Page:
More than 100 Hongkongers rolled out a different kind of welcome for mainland tourists in Tsim Sha Tsui last month. Outside luxury-goods stores along Canton Road, protestors hurled insults and obscenities at the visitors, and several stores rolled down their shutters for fear that the crowd would run amok. Mock cans of DDT pesticide were reportedly aimed at the mainlanders during what was billed as an "anti-locust" protest.
For a nation so dependent on agriculture, imperial China was surprisingly ignorant about locusts. As late as the Song dynasty (960-1279), it was widely believed that locusts were mutant forms of fish and shrimp. "During droughts when the rivers dry up," it was written, "the eggs of fish and shrimp would hatch into locusts. Therefore, an abundance of fish is a harbinger of a good harvest year."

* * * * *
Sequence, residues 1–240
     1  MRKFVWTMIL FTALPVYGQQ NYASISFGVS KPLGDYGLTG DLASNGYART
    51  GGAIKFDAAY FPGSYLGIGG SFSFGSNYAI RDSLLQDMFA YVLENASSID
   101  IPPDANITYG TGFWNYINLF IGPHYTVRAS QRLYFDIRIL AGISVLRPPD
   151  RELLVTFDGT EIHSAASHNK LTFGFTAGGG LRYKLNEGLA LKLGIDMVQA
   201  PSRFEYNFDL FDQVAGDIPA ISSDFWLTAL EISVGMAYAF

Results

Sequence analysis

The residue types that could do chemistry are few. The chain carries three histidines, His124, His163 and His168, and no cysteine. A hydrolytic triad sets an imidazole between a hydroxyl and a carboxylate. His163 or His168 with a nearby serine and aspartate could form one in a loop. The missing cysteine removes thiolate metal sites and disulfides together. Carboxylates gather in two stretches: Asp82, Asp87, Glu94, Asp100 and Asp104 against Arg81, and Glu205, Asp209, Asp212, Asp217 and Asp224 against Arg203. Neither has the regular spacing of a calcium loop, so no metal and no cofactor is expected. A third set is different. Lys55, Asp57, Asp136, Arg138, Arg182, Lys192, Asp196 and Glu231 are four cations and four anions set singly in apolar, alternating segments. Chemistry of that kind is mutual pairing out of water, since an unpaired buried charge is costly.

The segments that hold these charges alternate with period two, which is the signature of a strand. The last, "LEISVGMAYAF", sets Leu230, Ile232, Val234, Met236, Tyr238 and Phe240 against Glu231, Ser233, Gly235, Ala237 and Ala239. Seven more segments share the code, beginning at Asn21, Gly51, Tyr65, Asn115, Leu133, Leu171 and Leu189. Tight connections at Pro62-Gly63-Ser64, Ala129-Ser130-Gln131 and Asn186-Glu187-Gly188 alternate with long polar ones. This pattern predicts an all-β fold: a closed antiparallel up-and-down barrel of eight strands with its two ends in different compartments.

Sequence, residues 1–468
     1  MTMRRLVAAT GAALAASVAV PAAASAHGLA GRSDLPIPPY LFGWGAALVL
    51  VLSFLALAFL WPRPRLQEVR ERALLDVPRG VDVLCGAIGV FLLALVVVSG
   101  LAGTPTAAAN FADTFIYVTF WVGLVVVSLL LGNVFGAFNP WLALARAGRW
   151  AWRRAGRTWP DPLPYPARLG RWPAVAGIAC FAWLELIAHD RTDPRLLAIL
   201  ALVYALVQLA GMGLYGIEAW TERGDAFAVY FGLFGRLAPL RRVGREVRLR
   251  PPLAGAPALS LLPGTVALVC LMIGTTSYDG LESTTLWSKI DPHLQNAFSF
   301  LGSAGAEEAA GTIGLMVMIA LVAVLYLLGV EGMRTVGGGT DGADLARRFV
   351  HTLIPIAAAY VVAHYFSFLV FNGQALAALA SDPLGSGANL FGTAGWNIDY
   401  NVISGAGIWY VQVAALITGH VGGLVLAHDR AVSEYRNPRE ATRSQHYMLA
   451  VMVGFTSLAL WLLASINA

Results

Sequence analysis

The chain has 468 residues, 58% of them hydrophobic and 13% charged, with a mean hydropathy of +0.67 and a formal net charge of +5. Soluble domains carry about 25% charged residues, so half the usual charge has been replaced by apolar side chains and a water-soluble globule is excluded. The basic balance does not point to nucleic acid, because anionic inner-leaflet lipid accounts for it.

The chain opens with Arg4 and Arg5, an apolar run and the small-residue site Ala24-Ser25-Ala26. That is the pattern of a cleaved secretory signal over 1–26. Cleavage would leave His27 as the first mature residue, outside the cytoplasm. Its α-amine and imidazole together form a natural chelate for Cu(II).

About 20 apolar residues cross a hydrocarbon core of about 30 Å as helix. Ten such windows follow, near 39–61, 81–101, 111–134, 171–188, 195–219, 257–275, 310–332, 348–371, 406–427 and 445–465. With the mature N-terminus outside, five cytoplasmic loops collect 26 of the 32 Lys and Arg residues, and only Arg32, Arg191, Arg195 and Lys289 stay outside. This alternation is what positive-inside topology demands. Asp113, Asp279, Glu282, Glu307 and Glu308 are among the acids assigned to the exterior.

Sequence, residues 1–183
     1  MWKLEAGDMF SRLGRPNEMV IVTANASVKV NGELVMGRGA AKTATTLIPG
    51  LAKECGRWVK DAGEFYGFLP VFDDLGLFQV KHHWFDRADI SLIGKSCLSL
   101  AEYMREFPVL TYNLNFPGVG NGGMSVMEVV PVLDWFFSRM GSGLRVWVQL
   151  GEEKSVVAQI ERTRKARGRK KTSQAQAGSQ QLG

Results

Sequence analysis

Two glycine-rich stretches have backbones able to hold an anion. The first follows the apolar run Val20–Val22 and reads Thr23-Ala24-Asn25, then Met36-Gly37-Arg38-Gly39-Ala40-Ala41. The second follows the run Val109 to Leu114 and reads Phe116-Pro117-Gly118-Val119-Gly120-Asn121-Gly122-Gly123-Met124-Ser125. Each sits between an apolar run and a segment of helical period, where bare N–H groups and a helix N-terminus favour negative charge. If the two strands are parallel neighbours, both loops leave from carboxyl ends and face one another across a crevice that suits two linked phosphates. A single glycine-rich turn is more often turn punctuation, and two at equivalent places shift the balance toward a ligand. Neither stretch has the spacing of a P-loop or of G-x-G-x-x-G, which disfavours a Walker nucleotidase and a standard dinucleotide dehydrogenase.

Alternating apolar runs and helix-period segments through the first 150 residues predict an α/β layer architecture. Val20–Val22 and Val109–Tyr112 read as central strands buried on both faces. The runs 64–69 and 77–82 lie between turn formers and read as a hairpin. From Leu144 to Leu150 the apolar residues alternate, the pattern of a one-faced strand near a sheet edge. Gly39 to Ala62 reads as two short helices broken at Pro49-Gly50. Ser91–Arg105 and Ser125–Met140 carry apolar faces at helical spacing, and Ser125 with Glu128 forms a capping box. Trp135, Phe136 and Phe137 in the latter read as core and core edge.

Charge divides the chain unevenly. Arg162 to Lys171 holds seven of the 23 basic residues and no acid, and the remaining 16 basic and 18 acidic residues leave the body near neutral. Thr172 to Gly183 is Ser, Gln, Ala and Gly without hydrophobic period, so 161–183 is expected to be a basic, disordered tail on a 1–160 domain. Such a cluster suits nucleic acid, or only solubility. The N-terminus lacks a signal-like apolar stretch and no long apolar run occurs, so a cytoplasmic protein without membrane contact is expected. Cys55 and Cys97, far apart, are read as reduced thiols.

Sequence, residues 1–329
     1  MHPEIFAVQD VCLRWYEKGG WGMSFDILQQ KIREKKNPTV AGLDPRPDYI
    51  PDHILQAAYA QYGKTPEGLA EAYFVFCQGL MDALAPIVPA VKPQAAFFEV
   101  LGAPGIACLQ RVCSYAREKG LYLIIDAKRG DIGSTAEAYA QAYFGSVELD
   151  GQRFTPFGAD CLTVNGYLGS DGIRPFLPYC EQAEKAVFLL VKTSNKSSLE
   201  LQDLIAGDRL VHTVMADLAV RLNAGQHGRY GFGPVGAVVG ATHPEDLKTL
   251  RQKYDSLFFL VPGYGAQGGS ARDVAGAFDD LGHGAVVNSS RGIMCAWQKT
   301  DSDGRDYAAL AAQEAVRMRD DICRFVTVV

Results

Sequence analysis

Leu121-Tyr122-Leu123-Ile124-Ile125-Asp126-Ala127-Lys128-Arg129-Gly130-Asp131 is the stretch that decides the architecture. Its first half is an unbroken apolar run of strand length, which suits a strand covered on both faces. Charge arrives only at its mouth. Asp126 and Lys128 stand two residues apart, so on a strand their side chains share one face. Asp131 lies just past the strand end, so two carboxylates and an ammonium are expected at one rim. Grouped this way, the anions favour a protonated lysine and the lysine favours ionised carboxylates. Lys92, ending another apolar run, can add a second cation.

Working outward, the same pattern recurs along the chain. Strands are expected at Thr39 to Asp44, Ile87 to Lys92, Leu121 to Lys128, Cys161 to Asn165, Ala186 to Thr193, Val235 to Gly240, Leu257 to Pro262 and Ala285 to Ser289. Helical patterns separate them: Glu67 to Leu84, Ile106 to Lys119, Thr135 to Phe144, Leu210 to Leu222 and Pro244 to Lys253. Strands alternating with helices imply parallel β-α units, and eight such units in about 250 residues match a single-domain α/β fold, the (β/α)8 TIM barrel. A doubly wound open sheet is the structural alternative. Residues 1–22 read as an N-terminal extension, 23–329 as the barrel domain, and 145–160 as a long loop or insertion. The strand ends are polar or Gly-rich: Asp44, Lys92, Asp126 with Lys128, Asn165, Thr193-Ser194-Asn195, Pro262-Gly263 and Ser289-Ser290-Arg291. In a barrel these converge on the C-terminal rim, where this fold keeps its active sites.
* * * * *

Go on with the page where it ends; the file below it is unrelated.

Methods of eradicating the scourge included banging on gongs, burning and trapping locusts at dawn when their wings were wet and then killing them. It wasn't until relatively late in imperial China that Ming-dynasty Renaissance man Xu Guangqi (1562-1633) conducted a study of 111 recorded plagues over the previous two millennia. His conclusion was that the peak period for locusts was "between summer and autumn, when the hundred crops have matured and are ripening, resulting in the most extensive damage".